But, neither John Goins nor Heath Ackerman see employment with Wacker as a sacrifice.
Goins, 38, is a 1992 graduate of Charleston High School. He attended “a few” semesters at Middle Tennessee State University to study computer programming. But, Goins found that line of work was not for him. He left school and went to work for DuPont in Chattanooga for awhile and then for Dynasty Spas in McMinn County.
“I worked in various industries until I had this opportunity,” he said. “I started with computer programming, but I realized pretty quick that wasn’t for me.”
He initially applied in 2009 for a job as a senior chemical operator with Wacker at the first opportunity. However, when he did not get a response from the company, he decided to take things into his own hands. He enrolled in school and reapplied again for the position.
Goins, who has been married to Christy for 10 years, said going to work at Wacker was a good move for him.
“I think of this as a culmination of all of my previous experiences,” he said. “This is more of a career than a job. I see this as my last job until retirement.”
Ackerman, 29, moved his wife, Natalie, and three children to Cleveland from Indiana about two years ago. He came to Cleveland with the intention of going to work for Wacker though he had another job before he arrived.
“It wasn’t difficult to leave my old job. I knew Wacker took care of their people. We were going to have good benefits, good pay and I was excited to come to Wacker,” he said.
Ackerman, who is also a senior chemical operator, graduated from high school in Illinois in 2001. He went to college to study computer electronic engineering but stopped a semester short of earning an associate’s degree.
He said it was somewhat scary to move to the South from Indiana, “but I knew if I got on with Wacker, that’s somewhere I’m going to retire from. The way I looked at is, if I got hired on by Wacker, I would never have to put another application in anywhere else until I retired. This is somewhere you retire from.”
The most recent graduates from Wacker Institute will remain in Bradley County until sometime in 2014 when they will leave for six months of training in Germany. The polysilicon plant west of Charleston is scheduled to start production in mid-2015, less than a year after the grads return home.
“Thank you so much for your contribution. Your contribution is very important,” Bachhuber told them. He said they would go to Germany to gain firsthand knowledge and, shortly after returning, would put that knowledge to work. He said Wacker Polysilicon North America would be a world-class plant.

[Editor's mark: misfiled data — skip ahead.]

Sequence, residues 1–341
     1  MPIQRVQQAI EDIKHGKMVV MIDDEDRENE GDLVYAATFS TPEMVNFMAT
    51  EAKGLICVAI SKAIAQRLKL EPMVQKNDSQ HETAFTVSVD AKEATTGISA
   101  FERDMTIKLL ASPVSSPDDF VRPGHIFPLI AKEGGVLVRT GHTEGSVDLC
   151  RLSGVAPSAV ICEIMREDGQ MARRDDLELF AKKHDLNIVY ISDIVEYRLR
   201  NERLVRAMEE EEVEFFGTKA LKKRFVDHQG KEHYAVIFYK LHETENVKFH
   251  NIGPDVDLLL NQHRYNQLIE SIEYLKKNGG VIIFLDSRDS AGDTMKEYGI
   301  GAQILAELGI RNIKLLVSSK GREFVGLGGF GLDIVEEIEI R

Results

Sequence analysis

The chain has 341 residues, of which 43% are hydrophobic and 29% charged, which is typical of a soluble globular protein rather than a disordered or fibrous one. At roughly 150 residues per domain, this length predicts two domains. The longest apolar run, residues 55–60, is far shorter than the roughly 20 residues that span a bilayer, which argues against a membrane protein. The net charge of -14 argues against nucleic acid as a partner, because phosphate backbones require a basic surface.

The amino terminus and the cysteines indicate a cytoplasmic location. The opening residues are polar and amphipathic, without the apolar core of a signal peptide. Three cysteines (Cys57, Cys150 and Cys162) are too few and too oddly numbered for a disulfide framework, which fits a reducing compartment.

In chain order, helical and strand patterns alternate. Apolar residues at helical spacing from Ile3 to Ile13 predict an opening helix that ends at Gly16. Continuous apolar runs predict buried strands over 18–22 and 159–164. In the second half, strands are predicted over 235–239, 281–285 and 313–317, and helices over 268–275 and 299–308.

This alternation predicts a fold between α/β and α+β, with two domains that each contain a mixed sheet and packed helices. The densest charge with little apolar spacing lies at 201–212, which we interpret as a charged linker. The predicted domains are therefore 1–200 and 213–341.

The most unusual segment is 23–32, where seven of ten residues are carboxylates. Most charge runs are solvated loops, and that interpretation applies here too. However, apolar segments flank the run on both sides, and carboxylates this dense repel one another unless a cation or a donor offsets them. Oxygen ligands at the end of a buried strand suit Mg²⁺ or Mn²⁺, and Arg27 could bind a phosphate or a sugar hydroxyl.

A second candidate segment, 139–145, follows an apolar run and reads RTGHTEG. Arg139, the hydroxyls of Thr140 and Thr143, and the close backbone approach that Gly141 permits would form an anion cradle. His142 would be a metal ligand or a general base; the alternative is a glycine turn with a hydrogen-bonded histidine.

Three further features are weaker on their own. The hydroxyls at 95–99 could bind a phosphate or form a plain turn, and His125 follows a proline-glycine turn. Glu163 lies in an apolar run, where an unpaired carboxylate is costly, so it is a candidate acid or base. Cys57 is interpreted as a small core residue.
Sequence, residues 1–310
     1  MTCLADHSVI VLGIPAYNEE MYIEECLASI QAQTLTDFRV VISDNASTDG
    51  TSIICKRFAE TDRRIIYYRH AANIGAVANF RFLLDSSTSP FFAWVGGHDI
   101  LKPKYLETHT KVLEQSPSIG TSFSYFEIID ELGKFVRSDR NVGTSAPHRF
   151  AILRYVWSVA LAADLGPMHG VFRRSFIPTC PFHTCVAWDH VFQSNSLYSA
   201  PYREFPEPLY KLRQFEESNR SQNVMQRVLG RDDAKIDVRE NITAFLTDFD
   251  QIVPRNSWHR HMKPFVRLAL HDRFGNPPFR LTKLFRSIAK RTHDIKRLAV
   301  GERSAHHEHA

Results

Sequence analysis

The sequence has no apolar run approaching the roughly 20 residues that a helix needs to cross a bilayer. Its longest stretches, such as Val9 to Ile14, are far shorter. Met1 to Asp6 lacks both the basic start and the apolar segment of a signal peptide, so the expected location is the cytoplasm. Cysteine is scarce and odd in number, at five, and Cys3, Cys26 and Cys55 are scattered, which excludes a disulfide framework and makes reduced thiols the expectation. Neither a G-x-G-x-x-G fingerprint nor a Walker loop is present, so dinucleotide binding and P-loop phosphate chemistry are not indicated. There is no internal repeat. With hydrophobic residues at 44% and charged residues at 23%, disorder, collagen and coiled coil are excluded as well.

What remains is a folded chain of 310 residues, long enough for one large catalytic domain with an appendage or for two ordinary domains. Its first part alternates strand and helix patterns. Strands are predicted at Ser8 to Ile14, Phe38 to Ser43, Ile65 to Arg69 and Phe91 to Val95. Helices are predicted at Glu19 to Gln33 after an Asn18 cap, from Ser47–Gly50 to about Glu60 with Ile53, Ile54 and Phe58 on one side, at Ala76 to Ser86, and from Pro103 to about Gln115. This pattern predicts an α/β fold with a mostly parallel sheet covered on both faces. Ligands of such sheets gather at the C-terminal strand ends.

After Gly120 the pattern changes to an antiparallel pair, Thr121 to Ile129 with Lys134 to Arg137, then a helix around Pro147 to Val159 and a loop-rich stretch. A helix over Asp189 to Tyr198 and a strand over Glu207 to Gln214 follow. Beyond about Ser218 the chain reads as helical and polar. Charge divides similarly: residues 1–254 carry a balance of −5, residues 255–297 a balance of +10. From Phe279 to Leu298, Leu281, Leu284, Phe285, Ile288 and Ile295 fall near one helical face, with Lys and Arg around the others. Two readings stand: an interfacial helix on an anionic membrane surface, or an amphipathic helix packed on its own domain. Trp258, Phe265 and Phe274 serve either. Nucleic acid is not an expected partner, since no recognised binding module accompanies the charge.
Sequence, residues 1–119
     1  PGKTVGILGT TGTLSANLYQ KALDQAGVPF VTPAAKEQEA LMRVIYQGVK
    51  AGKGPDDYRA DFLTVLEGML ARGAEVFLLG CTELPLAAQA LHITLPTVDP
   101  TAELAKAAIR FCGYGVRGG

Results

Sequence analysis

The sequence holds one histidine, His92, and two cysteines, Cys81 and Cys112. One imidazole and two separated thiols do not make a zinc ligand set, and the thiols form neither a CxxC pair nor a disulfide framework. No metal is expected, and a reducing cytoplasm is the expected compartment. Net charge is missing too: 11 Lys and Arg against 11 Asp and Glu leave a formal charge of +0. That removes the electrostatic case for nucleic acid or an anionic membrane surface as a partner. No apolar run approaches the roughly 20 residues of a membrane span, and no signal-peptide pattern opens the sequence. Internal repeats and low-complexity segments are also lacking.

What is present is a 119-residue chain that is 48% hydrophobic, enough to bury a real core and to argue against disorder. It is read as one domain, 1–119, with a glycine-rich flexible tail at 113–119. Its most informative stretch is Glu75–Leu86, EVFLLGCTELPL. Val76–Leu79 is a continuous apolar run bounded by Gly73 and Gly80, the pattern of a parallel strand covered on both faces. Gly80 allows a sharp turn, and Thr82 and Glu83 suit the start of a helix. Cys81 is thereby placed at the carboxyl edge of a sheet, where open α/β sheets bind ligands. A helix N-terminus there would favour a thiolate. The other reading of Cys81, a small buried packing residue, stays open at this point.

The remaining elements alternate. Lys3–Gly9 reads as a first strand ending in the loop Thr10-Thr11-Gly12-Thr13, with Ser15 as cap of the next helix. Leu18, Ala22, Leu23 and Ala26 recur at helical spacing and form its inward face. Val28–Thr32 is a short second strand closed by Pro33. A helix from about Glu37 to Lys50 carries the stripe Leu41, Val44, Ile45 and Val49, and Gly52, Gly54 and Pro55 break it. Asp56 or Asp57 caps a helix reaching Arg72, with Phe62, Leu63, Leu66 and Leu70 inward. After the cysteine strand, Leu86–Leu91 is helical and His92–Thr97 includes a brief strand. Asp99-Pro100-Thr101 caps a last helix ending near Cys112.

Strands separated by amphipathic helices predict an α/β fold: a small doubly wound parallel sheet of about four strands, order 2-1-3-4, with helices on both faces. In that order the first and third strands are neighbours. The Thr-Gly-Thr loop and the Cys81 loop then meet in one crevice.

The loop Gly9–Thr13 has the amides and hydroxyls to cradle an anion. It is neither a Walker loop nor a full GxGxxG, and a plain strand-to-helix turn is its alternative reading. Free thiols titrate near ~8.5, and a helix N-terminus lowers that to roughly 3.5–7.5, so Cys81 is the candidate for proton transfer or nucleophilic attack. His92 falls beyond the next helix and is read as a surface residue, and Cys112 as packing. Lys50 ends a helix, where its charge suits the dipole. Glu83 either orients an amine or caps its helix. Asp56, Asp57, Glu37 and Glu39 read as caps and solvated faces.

Bradley County Mayor D. Gary Davis and representatives from the Cleveland/Bradley Chamber of Commerce attended the ceremony.
Chamber President and CEO Gary Farlow said, “It’s a great day for Wacker and for their second class to graduate from the Wacker Institute.”
Farlow said the students represent a wide range of age and experience from other industries. “Dr. Bachhuber commended them for showing flexibility in working with the new plant schedule.”
Wacker announced in October 2012 that it was delaying completion of its $1.8 billion plant by 18 months, to mid-2015.
Hemlock Semiconductor followed with its own announcement in early January that it would lay off 300 of 400 employees at its Clarksville polysilicon manufacturing plant and 100 more in Michigan. Hemlock had planned to start production of hyperpure polycrystalline silicon at its $1.2 billion facility later this year.
According to news reports, Hemlock President Andrew Tometich said the plant will be utilized, but added it’s not known whether it will open for business at any time in 2013.
Farlow said Wacker has not given any indication it is halting construction, but only slowed from a fast-track construction schedule to a normal pace.
“They’ve still got equipment coming in and are still putting things in place in the plant. The only difference is, they’re now on a more normal schedule. I think that’s an indication of Wacker’s longer-range view of their market and industry, and they are preparing these people to be world-class employees.”
Davis said he saw the graduation of the new employees as further proof that Wacker is moving forward with construction and training.
“There’s a lot of progress being made and I think it’s great for Southeast Tennessee and Bradley County,” he said.
Wacker Polysilicon Human Resources Director Erika Burk said also what happened in Clarksville had nothing to do with Wacker. So far, the company has approximately 270 employees, including about 50 German nationals on temporary assignment to Tennessee.
“Things are moving right along. They’re moving forward and we plan to be up and running in mid-2015. Everyone who was hired will stay hired,” she said. “This is the last fast-track group and the last of this type of graduation, at least for right now.”
She said there are still more than 100 students enrolled in the institute. They will go through the interview process “and hopefully they will be working for us in 2015.”